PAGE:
Review: ‘Oceans 8’ has great potential but falls short

Review: 'Oceans 8' has great potential but falls short

Courtesy Warner Bros.

By Sam Rodd, Entertainment Editor

With a star-studded cast, a fun heist and a new and refreshing lineup of criminals to carry the story along, “Ocean’s 8” is a movie with so much potential. Yet for all that, the film feels uninspired, like those involved didn’t put any love into it when the movie was being made. “Ocean’s 8” relies so much on its brand that the production team forgot to develop a voice for this new entry into the franchise, resulting in a bland, choppy movie that could’ve been so much more.

“Ocean’s 8” follows Debbie Ocean (Sandra Bullock), who begins to put together a team of women to steal a $150 million necklace from the neck of a high-class celebrity Daphne Kluger (Anne Hathaway) as she attends the Met Gala. Ocean’s team consists of right-hand woman Lou (Cate Blanchett), hacker Nine-ball (Rihanna), disgraced fashion designer Rose (Helena Bonham-Carter), sleight-of-hand master Constance (Awkwafina), their fence Tammy (Sarah Paulson) and diamond-expert Amita (Mindy Kaling).

With such a star-studded cast, the characters should be memorable, yet the opposite is true. Leading lady Bullock’s performance isn’t captivating or engaging in the least. The writers of the movie seemed to have relied on the fact that Bullock plays the sister of George Clooney (lead of earlier films in the franchise) rather than giving her a fully fleshed out character. By the end of the film, Debbie Ocean is static and unchanged.

Blanchett’s performance is passable. The scenes she does alone or with another actor prove to be fun and captivating. However, many of her scenes with Bullock lack chemistry. This is a shame, as most of her scenes are with Bullock. 

The rest of the heist crew—with the exception of Sarah Paulson and Rihanna, who are decent but not incredibly memorable—barely feel like characters. They’re all very one-note, and the attempts to portray them feel forced. 

Anne Hathaway gives the only stand-out performance. Unlike most of the actors, Hathaway really commits to her part and has fun with it. Whether or not she’s meant to be, Hathaway is the star of every scene she’s in. Her performance is a delight to watch in this otherwise unimaginative film.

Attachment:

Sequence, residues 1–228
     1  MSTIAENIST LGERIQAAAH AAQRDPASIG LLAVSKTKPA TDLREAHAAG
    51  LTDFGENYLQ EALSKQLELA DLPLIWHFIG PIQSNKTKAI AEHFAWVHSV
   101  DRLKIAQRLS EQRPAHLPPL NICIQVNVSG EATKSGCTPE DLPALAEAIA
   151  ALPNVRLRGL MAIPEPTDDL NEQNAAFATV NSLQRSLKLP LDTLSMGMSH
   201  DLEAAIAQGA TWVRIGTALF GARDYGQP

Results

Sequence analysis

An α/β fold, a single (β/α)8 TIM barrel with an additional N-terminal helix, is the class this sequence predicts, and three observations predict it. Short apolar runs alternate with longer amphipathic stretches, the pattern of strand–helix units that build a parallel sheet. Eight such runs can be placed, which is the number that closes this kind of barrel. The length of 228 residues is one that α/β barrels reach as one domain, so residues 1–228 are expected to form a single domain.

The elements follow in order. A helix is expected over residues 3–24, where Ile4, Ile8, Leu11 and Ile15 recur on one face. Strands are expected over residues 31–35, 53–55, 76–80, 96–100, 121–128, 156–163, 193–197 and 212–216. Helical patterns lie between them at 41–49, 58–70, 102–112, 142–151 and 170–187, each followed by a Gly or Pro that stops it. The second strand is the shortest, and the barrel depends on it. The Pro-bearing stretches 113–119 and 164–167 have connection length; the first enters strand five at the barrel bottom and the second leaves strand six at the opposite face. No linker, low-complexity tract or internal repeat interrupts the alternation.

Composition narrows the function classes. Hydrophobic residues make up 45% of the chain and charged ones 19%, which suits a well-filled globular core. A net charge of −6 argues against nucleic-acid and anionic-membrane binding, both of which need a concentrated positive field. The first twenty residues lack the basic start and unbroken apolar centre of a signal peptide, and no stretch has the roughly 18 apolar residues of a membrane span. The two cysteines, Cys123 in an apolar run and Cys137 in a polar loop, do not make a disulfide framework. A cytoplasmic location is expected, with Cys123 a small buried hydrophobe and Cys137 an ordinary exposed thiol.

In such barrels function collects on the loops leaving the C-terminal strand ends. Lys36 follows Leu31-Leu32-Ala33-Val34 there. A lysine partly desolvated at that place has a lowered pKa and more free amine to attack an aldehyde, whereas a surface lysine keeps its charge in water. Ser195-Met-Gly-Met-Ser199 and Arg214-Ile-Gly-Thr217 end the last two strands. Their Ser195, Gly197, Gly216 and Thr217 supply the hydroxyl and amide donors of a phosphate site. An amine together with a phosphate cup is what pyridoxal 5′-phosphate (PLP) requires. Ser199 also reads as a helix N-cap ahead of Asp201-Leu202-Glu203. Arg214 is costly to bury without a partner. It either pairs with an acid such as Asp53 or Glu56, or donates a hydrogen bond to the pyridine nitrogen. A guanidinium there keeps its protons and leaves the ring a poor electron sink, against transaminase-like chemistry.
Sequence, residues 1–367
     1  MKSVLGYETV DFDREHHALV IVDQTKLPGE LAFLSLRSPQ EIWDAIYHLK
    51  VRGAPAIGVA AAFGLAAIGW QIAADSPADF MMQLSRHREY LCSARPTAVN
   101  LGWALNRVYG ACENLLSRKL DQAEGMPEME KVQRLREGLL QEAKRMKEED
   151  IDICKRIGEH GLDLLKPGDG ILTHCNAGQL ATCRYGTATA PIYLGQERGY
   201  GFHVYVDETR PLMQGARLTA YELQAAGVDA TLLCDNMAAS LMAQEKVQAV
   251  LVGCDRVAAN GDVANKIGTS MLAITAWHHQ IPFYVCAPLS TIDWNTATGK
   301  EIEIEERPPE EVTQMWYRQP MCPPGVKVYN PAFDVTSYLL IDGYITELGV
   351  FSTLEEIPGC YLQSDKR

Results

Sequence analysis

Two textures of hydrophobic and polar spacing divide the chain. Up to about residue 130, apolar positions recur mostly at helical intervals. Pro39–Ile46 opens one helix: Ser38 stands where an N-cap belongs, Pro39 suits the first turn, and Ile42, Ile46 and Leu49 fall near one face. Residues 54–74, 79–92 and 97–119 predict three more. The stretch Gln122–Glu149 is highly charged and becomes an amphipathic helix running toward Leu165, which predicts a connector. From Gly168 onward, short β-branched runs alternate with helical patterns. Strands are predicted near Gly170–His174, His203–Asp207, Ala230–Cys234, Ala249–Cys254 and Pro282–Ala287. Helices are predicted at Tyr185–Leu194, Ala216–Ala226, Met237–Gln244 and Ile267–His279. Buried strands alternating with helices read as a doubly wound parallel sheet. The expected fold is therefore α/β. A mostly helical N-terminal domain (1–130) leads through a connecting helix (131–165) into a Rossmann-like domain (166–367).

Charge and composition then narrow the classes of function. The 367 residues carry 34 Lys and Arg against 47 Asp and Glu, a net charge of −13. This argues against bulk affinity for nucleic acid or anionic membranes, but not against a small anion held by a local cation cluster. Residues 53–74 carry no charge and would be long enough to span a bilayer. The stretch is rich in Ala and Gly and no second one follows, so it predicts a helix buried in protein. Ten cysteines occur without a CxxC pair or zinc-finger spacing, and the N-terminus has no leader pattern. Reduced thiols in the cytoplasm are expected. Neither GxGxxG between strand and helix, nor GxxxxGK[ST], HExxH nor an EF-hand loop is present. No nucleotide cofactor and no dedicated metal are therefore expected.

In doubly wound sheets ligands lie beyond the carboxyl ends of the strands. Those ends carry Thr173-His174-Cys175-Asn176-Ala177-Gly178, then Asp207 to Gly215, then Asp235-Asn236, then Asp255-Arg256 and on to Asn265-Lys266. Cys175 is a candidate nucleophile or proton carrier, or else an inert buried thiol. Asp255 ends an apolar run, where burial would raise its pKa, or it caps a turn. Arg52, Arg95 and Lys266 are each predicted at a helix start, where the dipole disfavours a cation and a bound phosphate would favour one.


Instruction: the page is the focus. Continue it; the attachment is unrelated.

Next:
This movie also drags on for far too long. The actual heist is fun and intricate, but everything before feels like padding, as if the moviemakers are killing time by introducing situations without any real tension. After the heist sequence, the movie goes on for another half hour or so, and we spend several minutes following a completely new character. This drastic change is jarring and pulls the viewer out of the movie. Despite the fact that the audience has probably given up by this point, the sequence continues. For a movie that is two hours long, padding and confusing scenes are a surefire way to bore the audience, which is not what any movie, especially a heist movie, should be doing.

The film could have been edited by a middle schooler. Abrupt, cheesy, iMovie-esque transitions are frequent and ugly. Some of these transitions actually earned laughter  from some in the theater. Choppy editing is another of the movie’s big flaws. Had a little more work been put in, the movie would have flowed better and been more enjoyable.

“Ocean’s 8” is an unfortunate example of squandered potential. With a star-studded cast and the name-value of a popular franchise, the picture could have been stellar. Unfortunately, no one really put in the effort, and the movie suffers for it. The characters (sans Hathaway’s) are bland, the story drags and pads much of its runtime, and the choppy editing keeps it from flowing. One fun heist sequence is not enough to save the film, so even recommending it to fans of the heist genre feels wrong. If you are absolutely attached to the Ocean’s franchise, then feel free to see this, but for everyone else, you won’t miss much by passing on this one.